June 14, 2017 / 3:10 PM / 3 months ago

Slovenia's banks less vulnerable to risks - central bank

LJUBLJANA, June 14 (Reuters) - Slovenian banks have become more robust and better able to withstand economic shocks three years after their bad loan problems almost pushed the country towards an international bailout, the Bank of Slovenia said its June report on financial stability on Wednesday.

“Banks operate in favourable macroeconomic environment which is increasing the confidence of companies and households with stability and forecasts of further (GDP) growth,” the bank said.

“In general the sensitivity of banks to systemic risks decreased in 2016 which gives a good basis for a revival of credit activity in this year,” it said.

But the bank also warned that low interest rates would put the banks’ profitability under pressure.

It also said banks needed to watch out for risks from a maturity mismatch that could result from them holding fewer long-term deposits as a result of low rates.

The bank said the amount of loans to companies has been growing since December 2016 after falling for several years, which it said signalled the start of a new investment cycle.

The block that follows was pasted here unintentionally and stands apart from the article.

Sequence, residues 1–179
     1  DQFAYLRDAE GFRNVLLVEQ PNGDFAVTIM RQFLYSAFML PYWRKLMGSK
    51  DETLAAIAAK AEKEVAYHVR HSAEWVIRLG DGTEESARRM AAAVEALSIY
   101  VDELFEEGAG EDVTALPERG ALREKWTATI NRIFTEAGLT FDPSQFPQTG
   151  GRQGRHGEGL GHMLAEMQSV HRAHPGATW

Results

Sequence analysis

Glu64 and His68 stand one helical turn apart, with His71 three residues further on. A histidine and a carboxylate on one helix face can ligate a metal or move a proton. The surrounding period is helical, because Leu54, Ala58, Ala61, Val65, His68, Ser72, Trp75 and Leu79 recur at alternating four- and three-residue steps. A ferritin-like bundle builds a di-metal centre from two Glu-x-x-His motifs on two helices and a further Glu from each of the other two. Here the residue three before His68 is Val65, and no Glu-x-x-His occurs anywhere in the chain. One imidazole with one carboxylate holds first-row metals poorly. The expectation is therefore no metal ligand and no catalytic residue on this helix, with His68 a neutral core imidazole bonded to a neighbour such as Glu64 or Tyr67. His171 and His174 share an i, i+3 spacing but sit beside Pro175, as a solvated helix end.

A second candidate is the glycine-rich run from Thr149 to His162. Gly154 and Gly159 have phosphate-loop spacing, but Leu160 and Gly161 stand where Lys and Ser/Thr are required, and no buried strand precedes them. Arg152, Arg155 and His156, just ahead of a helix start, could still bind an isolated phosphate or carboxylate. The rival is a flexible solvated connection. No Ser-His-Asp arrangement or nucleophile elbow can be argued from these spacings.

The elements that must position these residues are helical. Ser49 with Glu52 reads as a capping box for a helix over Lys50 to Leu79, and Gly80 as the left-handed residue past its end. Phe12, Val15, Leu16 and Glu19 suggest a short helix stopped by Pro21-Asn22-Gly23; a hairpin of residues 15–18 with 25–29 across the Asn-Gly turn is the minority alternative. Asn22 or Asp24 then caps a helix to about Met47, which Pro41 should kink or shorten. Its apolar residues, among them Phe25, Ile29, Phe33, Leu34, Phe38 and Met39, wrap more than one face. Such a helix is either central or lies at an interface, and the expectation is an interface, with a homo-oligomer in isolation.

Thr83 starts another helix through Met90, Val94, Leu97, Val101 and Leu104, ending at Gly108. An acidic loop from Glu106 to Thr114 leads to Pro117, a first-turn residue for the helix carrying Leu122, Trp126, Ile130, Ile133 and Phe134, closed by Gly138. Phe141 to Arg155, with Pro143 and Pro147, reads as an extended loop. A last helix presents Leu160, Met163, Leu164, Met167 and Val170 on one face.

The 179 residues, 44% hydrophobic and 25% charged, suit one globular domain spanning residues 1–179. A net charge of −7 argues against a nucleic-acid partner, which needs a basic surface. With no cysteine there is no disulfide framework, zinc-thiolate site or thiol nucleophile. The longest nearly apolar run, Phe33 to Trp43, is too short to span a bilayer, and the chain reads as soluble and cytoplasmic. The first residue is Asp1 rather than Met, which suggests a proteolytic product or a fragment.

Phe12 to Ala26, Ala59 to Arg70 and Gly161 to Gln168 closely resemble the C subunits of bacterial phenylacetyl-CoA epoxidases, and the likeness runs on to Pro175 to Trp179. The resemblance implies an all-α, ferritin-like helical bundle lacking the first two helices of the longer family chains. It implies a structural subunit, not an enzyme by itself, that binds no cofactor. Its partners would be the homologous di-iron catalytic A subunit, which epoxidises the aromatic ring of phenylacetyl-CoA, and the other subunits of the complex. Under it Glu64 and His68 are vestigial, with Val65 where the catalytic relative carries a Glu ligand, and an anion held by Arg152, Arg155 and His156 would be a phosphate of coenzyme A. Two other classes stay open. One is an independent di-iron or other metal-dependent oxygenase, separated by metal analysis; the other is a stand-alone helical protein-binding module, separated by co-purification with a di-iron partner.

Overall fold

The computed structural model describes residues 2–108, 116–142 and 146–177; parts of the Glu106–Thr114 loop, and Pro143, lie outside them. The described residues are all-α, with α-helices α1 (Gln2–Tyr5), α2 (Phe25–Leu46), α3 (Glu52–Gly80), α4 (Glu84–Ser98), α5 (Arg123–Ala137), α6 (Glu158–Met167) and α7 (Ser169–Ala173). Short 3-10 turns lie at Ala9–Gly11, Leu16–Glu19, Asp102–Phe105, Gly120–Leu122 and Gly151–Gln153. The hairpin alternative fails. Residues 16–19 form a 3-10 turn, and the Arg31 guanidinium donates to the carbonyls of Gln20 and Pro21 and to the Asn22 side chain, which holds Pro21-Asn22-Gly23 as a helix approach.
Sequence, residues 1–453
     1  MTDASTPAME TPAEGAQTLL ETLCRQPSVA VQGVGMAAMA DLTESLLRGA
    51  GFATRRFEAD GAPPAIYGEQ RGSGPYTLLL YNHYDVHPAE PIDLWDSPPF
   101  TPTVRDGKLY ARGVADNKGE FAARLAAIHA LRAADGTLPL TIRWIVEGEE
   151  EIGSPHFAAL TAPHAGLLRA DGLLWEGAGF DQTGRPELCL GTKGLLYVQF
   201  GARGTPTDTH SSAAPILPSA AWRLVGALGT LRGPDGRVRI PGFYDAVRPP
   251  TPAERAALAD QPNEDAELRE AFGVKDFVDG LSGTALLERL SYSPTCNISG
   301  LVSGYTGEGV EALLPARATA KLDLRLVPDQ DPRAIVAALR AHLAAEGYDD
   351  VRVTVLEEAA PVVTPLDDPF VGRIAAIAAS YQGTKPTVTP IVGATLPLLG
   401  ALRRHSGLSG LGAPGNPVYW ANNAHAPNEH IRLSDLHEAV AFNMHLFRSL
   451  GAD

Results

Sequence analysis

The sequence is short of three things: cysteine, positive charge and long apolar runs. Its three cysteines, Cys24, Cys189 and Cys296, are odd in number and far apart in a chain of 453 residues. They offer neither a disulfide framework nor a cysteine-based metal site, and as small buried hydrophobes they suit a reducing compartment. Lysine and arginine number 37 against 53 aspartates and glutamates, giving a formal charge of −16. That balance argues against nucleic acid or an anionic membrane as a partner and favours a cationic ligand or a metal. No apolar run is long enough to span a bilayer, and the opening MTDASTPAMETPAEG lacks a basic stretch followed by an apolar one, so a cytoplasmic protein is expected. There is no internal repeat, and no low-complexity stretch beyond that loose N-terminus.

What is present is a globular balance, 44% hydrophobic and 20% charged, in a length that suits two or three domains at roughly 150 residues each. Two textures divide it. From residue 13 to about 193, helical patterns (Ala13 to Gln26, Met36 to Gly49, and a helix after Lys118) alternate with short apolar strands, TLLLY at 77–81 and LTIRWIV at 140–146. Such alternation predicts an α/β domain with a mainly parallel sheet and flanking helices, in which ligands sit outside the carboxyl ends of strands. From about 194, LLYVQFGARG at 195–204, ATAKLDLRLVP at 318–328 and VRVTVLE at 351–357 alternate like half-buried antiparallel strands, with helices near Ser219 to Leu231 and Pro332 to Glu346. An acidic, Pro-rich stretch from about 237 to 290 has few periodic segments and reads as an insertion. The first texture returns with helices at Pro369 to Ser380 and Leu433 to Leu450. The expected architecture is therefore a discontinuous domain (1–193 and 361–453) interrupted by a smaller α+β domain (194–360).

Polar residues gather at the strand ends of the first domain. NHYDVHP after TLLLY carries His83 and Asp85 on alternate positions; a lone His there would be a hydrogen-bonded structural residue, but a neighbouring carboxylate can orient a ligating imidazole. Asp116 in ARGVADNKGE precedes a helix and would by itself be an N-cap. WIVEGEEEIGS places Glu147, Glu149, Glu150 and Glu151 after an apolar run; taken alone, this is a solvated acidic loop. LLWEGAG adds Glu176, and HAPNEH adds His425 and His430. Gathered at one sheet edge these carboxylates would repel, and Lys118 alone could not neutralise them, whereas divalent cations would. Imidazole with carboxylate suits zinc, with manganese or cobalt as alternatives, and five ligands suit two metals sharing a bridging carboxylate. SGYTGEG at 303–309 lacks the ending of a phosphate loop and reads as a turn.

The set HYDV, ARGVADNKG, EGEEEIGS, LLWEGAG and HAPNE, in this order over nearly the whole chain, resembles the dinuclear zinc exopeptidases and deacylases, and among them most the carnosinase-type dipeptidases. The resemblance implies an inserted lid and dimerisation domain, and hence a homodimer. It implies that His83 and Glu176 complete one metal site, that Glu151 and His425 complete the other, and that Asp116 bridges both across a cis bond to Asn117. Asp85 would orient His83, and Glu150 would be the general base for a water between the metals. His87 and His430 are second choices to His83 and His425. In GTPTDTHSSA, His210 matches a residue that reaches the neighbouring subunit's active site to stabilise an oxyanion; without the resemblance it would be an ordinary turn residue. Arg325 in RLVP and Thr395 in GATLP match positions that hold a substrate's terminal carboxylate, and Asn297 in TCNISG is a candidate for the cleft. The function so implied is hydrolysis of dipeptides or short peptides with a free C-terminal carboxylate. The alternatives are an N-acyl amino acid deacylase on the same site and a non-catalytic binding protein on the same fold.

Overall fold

Bank lending had been shrinking since 2013 when the government had to pour more than 3 billion euros into domestic banks to prevent them from collapsing under a pile of bad loans.

Slovenia returned to growth a year later and the central bank expects GDP growth of 3.5 percent this year and 3.1 percent in 2018, boosted by investment, domestic spending and exports.

In March, loans to non-banking sector rose by 3 percent year-on-year while the amount of bad loans in local banks fell to 5.2 percent of all loans from 5.5 percent in December, the central bank said in a report last month.

Some of the biggest banks in Slovenia are still state-owned and the government controls about 45 percent of the banking sector.

The rest are owned by foreign banks and investors, including U.S. investment company Apollo Global Management, Societe Generale, UniCredit and Intesa Sanpaolo, Russia’s Sberbank and Austria’s Sparkasse and Addiko Bank. (Reporting by Marja Novak. Editing by Jane Merriman)

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